Evangelicals are quite specific when it comes to God. There is ONE God, their God, the triune God revealed in the Christian Bible. All other gods are false gods. While it is increasingly common for Evangelicals to embrace Catholics as fellow Christians, it was not that long ago that most Evangelical churches and pastors believed the Roman Catholic church was the harlot of Revelation 17 and that Catholics were worshipers of a false deity. While it is encouraging to see some Evangelicals consider the thought that Catholics and Mormons might worship the same God as they do, the overwhelming majority of Evangelicals believe their God is the one, true God. No other gods need apply.
What I find interesting is how duplicitous Evangelicals can be when it comes to the mentioning of God in the founding documents of the United States, on our money, and in the Pledge of Allegiance. Evangelicals, knowing that the constitution forbids the establishment of a state church, argue before Congress and the courts that the founding fathers spoke of a generic god, that the God mentioned in the Pledge of Allegiance is no god in particular. And since the documents, laws, and the like use the word god in a generic sense, they do not violate the establishment clause or run afoul of the separation of church and state.
Yet, they turn right around, once they are away from the halls of congress and the courthouse, and say the use of the word God in our founding documents is in reference to the Christian God. They preach sermons and write books about the United States being a Christian nation. Evangelical pastors remind parishioners that the Pledge of Allegiance’s God is the Christian God, and some churches even say the Pledge on Sundays. And to some degree they are right.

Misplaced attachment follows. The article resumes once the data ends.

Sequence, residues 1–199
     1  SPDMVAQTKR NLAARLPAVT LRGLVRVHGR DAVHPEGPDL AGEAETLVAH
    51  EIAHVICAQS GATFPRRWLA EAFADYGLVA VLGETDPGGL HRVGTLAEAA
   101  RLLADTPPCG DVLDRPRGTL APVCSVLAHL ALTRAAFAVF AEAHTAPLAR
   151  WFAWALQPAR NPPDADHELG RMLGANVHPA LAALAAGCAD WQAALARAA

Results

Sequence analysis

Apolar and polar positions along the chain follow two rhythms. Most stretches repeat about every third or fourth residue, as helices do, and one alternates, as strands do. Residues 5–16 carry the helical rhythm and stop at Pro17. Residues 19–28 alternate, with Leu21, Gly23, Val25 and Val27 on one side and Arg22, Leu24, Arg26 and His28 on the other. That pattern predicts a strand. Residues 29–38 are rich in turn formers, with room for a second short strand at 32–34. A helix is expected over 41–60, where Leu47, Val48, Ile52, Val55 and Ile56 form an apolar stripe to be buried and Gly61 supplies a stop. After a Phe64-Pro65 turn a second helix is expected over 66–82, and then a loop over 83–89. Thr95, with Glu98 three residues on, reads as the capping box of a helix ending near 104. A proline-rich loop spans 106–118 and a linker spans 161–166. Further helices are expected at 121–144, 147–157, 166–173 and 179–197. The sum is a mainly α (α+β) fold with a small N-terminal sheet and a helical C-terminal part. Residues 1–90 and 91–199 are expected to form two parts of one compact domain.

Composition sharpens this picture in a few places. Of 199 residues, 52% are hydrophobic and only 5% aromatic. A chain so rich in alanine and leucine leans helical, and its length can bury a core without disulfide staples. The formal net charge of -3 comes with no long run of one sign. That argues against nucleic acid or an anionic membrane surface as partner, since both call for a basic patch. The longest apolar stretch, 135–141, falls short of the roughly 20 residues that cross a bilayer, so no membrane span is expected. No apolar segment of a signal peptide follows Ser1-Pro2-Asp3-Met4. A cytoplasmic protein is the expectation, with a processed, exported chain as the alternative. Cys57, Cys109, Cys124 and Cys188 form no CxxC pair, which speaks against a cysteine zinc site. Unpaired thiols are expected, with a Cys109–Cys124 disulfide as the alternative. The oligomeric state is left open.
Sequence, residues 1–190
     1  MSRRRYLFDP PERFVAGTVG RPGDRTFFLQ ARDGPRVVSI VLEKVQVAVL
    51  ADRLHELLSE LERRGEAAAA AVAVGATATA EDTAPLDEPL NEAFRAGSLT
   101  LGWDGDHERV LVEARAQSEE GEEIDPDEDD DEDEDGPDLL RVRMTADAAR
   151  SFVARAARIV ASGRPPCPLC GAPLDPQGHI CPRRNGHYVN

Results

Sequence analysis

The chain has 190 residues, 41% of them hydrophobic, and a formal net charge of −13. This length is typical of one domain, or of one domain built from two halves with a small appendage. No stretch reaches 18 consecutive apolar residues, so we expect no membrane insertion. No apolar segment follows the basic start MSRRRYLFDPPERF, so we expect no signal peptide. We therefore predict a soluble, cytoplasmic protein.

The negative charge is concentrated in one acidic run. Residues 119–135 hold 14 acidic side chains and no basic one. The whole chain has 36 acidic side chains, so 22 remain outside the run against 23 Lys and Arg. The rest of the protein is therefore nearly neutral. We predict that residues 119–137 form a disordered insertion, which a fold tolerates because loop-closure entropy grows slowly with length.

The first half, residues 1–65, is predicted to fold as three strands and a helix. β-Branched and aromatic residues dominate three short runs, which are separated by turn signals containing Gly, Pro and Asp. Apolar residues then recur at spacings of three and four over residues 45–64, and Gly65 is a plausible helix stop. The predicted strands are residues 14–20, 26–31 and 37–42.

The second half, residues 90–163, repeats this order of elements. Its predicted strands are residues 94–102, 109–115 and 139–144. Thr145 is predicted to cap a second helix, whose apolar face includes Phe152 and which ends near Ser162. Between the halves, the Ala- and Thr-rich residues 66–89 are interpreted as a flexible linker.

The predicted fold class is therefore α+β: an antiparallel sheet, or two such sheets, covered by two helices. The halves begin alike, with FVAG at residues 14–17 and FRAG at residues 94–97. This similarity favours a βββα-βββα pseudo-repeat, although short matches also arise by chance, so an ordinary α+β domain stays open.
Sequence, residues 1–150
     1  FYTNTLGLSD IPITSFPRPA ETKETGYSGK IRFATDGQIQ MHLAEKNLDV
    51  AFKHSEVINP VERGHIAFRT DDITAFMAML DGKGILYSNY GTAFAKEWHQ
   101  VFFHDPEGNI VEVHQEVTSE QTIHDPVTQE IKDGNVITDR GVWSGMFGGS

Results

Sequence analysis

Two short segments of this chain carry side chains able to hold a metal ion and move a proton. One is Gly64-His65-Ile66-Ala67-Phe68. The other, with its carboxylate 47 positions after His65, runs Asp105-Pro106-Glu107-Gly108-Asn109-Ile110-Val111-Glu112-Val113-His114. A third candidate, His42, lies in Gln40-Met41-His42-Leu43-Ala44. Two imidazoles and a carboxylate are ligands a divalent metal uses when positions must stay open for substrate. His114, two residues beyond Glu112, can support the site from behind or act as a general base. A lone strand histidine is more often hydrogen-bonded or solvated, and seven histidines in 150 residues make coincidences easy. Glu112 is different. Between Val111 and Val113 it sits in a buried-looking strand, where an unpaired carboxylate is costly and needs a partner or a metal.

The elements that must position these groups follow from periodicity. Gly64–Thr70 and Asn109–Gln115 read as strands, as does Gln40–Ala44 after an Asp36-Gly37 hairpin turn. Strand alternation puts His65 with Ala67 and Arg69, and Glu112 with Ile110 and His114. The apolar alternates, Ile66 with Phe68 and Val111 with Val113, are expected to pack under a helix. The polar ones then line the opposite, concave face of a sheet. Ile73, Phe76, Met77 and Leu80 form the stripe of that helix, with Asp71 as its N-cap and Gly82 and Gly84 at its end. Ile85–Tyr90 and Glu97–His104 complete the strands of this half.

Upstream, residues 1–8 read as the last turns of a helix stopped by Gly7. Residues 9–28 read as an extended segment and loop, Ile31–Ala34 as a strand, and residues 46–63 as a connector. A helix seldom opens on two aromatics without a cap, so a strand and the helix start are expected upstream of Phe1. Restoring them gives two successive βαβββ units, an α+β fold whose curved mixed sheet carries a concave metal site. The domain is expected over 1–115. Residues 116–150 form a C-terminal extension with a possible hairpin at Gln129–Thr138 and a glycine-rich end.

Did our founding fathers have a generic god in mind when they spoke and wrote of God? The simple answer is no. Now, they most certainly did not have the modern Evangelical God in mind when they used the word, but they didn’t have the gods of Islam, Judaism, or any of the other religions of the world in mind either. Their God was the Christian God. Some of them were orthodox Christians, others were deists, but no one, as far as I know, meant anything other than the Christian God.
Why is it that Evangelicals run from this fact when they speak before congress or the courts? Why do they argue that these mentions of God are generic and not a reference to any specific god? Again, the answer is quite simple. They know admitting that these documents use the word God in a specific sense weakens their argument for their continued use. If the Pledge of Allegiance or “In God We Trust” on our money reference a non-specific God, then it makes it harder for atheists and secularists to argue that these things are unconstitutional.
It’s time for Evangelicals to start telling the truth when they testify before congress or appear before state and federal courts. It’s time they admit that the God of our founding documents and much of America’s history is the Christian God. Once they do this, we can then have a legislative and legal discussion about “In God We Trust” on our money, the Pledge of Allegiance, and the countless other places the use of the word God implies a sectarian view of God.
Whatever our country might have been in 1620 or 1776, we are not that now and our government should reflect this. Certainly, Christians are free to be legislators and judges, but their religious beliefs should not play a part when they act on behalf of the people of the United States. It’s time we return to the pre-1954 Pledge of Allegiance:
The same could be said about our paper money. “In God We Trust” appeared for the first time on paper money in 1957. Adding “In God We Trust” to our money, and adding a reference to God in the Pledge came during the McCarthy era — a time many Americans saw a “red (communist) under every bed.” Representative Charles Edward Bennett of Florida cited the Cold War when he introduced the bill (H.R. 619, a bill that required that the inscription “In God We Trust” appear on all paper and coin currency in the House) saying “In these days when imperialistic and materialistic communism seeks to attack and destroy freedom, we should continually look for ways to strengthen the foundations of our freedom.”
As the citizens of the United States increasingly embrace secularism and pluralism, perhaps it is time to throw the Christian God into the dust bin of human history.
Bruce Gerencser, 66, lives in rural Northwest Ohio with his wife of 45 years. He and his wife have six grown children and thirteen grandchildren. Bruce pastored Evangelical churches for twenty-five years in Ohio, Texas, and Michigan. Bruce left the ministry in 2005, and in 2008 he left Christianity. Bruce is now a humanist and an atheist.
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